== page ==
Most of us have heard of Cooler Master and their many products including power supplies, cooling accessories (heatsinks and fans), and, of course, cases. Today we will be looking at their newest offering, the Elite 430 Black. The Elite is a brand new mid-sized tower case that has not yet been released to the public. Some of Cooler Master’s goals were to “give both value and functionality within an entry level mid tower.” Let’s see if that was accomplished.
- Available Color: Black
- Dimensions: 7.5 X 16.7 X 19.3 inches (W, H, D)
- Weight: 10.3 lbs (4.7 kg)
- Motherboard type: Micro-ATX, ATX
- Case Material: 0.5 mm SECC
- 5x 1/4″ Drive bay: 3 Exposed
- 3x 1/2″ Drive bay: 2 Exposed and 5 Hidden
- I/O panel: 2x USB 2.0, 1x Microphone, 1x Audio
- Cooling Fans: Top – 2x 120 mm (optional), Front – 1x 120 mm blue LED, 1x 140 mm (optional), Rear 80/90/120 mm (optional), Bottom – 80/90/120 mm (optional)
- Power Supply: Standard ATX PS2 (Not supplied)
The Elite 430 comes in a box with graphics on the outside showing what the case looks like, some of its features, and its specifications. Like most cases, it is securely packed inside with Styrofoam inserts suspending the unit in the middle of the box to prevent damage.
When I removed the unit from the box I was surprised by how light it was. However, this certainly didn’t affect anything as far as its structural integrity or build quality while the motherboard was being installed. The exterior and interior have a nice black finish, which is a very nice touch for an entry level mid-tower.
There are plenty of spaces for fans aside from those included. A lower front 120 mm intake fan and a 120 mm intake fan in the bottom middle of the case are included as standard. Both intake fans and the power supply intake area have plastic filters on them, a nice addition to help minimize dust inside the case.
There is a 120 mm sized space on the clear windowed side to aid graphics card cooling, a 120 mm slot on the rear, as well as two 120mm spaces up top which can also hold a 2x 120 mm radiator if you go the water cooling route. It also has holes in the rear for routing tubing from an external radiator. The Elite 430 looks to be a nice air-cooling friendly case.
- Gigabyte P55 UD3R Motherboard
- Scythe Kaze Master Fan controller
- Western Digital 250GB HDD
- Evga GTX 285 Graphics
Installation of these parts was straight forward. There was nothing to get in your way, and no sharp corners to cut your fingers on. The accessory bag had all the screws and risers needed to mount everything securely.
Taking apart the front grill of the case was fairly simple – just push on the connection points and it pops off. The initial removal of the internal metal plates took a bit longer than I expected as they are pretty solidly installed. Once that was complete, adding optical drives or fan controllers was just a case of sliding them in place and locking them down. Half depth accessories – such as most fan controllers – can be mounted securely with screws on one side and the tool free locks on the other with no issues. Hard drives were also painless with their tool-free locking mechanisms.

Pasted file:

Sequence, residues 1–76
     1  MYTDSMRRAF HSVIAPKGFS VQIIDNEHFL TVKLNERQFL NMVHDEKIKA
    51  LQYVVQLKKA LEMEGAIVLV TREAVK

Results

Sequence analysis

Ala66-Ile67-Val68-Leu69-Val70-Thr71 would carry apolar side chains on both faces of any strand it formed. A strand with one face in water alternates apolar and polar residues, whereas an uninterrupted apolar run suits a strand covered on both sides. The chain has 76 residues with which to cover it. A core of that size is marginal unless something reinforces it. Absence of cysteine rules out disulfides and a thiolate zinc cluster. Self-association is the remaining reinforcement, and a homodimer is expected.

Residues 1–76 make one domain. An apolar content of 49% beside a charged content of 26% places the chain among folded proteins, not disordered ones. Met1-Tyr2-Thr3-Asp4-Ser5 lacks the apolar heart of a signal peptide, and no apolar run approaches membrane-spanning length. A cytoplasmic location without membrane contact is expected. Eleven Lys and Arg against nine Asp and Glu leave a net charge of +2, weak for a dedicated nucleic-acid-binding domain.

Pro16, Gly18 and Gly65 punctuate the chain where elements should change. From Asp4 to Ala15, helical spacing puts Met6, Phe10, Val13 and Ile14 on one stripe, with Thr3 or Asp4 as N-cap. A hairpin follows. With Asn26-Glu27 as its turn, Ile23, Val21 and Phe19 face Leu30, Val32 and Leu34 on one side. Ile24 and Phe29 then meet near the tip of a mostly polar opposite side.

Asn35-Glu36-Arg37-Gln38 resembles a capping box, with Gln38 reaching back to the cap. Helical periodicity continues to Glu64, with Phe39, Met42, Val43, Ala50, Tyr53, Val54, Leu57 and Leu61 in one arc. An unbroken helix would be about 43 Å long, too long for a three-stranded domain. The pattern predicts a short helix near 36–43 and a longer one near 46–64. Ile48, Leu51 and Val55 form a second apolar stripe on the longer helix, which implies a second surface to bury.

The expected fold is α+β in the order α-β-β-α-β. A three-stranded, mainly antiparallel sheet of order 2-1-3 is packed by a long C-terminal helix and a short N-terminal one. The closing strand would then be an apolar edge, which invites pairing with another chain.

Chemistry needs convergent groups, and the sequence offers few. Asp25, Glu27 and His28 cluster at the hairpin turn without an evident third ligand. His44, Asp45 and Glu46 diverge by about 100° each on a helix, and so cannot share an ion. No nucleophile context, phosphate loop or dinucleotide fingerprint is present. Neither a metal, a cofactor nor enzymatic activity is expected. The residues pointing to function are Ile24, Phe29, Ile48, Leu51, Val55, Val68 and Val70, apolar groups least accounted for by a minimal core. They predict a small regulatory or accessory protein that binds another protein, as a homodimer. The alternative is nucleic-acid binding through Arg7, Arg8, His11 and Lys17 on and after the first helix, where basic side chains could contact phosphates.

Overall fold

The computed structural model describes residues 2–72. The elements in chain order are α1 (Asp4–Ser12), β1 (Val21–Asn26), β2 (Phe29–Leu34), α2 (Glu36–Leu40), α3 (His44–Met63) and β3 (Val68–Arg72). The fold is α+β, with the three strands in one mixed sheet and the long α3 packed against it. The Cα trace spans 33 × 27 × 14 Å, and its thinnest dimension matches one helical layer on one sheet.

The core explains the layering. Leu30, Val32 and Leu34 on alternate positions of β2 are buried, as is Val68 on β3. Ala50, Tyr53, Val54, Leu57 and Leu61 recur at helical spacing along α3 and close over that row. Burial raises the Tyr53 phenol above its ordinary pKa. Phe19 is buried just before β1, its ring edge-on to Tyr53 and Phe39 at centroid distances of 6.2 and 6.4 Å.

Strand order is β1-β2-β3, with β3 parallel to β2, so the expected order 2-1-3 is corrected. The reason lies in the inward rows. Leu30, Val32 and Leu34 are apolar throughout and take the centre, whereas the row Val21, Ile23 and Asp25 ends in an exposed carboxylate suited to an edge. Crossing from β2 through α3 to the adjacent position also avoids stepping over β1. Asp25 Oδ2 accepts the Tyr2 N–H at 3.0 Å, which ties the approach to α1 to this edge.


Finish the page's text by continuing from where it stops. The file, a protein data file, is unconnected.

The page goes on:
Three mechanical drives and an SLI/Crossfire setup ought to fit inside the case with no issues. The case will certainly accommodate an ATI 5970 while losing a 3 1/2″ HDD bay, but there would still be four more to choose from. It held on to the GTX 285 in the picture with no issues.
Cooler Master states that it will hold large tower coolers such as their own V8 and Hyper 212+, so space is certainly no issue here. You can see the hole the case has to access the back of the motherboard for easy heatsink removal or changes.
The power and reset buttons have a surprisingly solid feel to them when turning them on or off and have nice blue activity and power lights. The included 120mm blue LED fan up front also gives the case a nice blue glow without being overwhelming.
So, what is the verdict? Could the Cooler Master Elite 430 bring value and functionality to the entry level mid tower class? The short answer is “Yes.” Its overall appearance should be pleasing to a large audience as it’s not too flashy, but still offers a little bit of color out of the box. There is a nice, large side panel window can show off whatever parts you choose.
The case, though light, never felt flimsy. There are plenty of potential fan locations with the intakes using dust covers, as well as the ability to put a 2x120mm sized radiator up top so the case will be a good choice for air or water cooling. I would have liked to have seen some routing for wire management, but I know in this class that is a tough task. A few well placed zip ties (included) will clean that right up.
According to Cooler Master, the MSRP for the case will be $59.99 and it should be available at the end of June. The Cooler Master Elite 430 will find a nice place in the entry level mid tower segment and should definitely be a consideration in the $50 -$100 price range for cases.
We would like to thank Cooler Master for providing this review sample.